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J Biol Chem. 2000 Sep 29;275(39):30716-24.

Type IV collagen of the glomerular basement membrane. Evidence that the chain specificity of network assembly is encoded by the noncollagenous NC1 domains.

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  • 1Department of Biochemistry and Molecular Biology, University of Kansas Medical Center, Kansas City, Kansas 66160, USA.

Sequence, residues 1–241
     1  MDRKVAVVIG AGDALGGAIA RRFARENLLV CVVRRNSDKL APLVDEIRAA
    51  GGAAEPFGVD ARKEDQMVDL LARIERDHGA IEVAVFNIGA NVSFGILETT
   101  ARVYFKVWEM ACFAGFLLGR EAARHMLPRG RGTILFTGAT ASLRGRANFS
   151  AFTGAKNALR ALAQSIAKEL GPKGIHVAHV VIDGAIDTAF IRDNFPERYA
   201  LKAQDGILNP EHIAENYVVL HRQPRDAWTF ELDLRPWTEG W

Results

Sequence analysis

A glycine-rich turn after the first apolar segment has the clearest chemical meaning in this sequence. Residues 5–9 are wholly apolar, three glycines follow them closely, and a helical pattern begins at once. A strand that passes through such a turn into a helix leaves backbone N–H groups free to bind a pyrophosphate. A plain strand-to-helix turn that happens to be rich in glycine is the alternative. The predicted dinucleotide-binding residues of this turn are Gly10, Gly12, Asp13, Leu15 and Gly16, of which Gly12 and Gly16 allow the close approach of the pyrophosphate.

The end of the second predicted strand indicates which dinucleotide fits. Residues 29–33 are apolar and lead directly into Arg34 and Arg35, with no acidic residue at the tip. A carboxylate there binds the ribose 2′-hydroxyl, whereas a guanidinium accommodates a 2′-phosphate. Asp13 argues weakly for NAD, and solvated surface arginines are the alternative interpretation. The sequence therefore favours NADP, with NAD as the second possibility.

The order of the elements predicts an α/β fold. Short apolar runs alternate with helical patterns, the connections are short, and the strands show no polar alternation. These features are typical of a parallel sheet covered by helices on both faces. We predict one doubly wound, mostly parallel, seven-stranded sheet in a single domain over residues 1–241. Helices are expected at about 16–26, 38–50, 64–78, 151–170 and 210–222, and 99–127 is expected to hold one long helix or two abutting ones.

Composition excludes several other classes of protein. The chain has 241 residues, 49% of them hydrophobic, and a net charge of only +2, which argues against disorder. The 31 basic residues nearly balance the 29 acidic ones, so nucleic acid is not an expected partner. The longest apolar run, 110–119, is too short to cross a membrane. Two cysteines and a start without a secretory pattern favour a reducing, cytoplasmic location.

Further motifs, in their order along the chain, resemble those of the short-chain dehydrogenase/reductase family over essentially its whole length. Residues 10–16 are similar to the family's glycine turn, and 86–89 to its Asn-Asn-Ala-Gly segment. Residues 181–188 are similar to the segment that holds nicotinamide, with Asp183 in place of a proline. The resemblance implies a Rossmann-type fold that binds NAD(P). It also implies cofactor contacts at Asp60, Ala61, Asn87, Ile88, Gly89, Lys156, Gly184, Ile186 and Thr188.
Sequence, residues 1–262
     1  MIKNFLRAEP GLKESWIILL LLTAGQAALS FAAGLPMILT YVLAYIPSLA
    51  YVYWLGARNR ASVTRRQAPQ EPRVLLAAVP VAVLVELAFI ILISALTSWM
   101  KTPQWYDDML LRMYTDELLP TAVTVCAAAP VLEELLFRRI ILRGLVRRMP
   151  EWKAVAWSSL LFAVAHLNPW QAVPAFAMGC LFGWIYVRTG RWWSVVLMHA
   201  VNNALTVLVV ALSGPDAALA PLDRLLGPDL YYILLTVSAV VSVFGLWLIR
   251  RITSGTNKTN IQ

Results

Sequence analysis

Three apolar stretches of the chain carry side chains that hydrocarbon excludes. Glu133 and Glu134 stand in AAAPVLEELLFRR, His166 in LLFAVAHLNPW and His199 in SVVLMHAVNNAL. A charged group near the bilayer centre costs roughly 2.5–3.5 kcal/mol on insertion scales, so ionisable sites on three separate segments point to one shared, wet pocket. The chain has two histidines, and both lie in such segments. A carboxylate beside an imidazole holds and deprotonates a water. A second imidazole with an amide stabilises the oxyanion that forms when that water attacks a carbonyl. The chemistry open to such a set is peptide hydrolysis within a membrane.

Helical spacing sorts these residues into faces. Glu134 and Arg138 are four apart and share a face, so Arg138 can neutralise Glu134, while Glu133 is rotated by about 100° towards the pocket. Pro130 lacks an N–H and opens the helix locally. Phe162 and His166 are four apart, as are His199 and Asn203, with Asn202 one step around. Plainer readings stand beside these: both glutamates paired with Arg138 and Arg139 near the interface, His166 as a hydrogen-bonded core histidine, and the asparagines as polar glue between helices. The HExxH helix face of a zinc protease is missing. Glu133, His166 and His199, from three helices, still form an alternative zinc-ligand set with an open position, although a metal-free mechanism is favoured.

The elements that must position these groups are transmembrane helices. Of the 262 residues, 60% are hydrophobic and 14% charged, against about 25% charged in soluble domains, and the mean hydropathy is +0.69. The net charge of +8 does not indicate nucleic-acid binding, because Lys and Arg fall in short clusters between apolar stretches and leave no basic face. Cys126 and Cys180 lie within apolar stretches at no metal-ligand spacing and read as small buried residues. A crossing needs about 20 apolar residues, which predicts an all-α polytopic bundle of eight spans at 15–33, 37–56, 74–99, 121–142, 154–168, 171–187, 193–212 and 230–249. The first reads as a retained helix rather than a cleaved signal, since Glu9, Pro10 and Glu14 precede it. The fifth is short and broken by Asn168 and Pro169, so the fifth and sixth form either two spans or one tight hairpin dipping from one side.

The ultrafiltration function of the glomerular basement membrane (GBM) of the kidney is impaired in genetic and acquired diseases that affect type IV collagen. The GBM is composed of five (alpha1 to alpha5) of the six chains of type IV collagen, organized into an alpha1.alpha2(IV) and an alpha3.alpha4.alpha5(IV) network. In Alport syndrome, mutations in any of the genes encoding the alpha3(IV), alpha4(IV), and alpha5(IV) chains cause the absence of the alpha3. alpha4.alpha5 network, which leads to progressive renal failure. In the present study, the molecular mechanism underlying the network defect was explored by further characterization of the chain organization and elucidation of the discriminatory interactions that govern network assembly. The existence of the two networks was further established by analysis of the hexameric complex of the noncollagenous (NC1) domains, and the alpha5 chain was shown to be linked to the alpha3 and alpha4 chains by interaction through their respective NC1 domains. The potential recognition function of the NC1 domains in network assembly was investigated by comparing the composition of native NC1 hexamers with hexamers that were dissociated and reconstituted in vitro and with hexamers assembled in vitro from purified alpha1-alpha5(IV) NC1 monomers. The results showed that NC1 monomers associate to form native-like hexamers characterized by two distinct populations, an alpha1.alpha2 and alpha3.alpha4.alpha5 heterohexamer. These findings indicate that the NC1 monomers contain recognition sequences for selection of chains and protomers that are sufficient to encode the assembly of the alpha1.alpha2 and alpha3.alpha4.alpha5 networks of GBM. Moreover, hexamer formation from the alpha3, alpha4, and alpha5 NC1 monomers required co-assembly of all three monomers, suggesting that mutations in the NC1 domain in Alport syndrome may disrupt the assembly of the alpha3.alpha4.alpha5 network by interfering with the assembly of the alpha3.alpha4.alpha5 NC1 hexamer.

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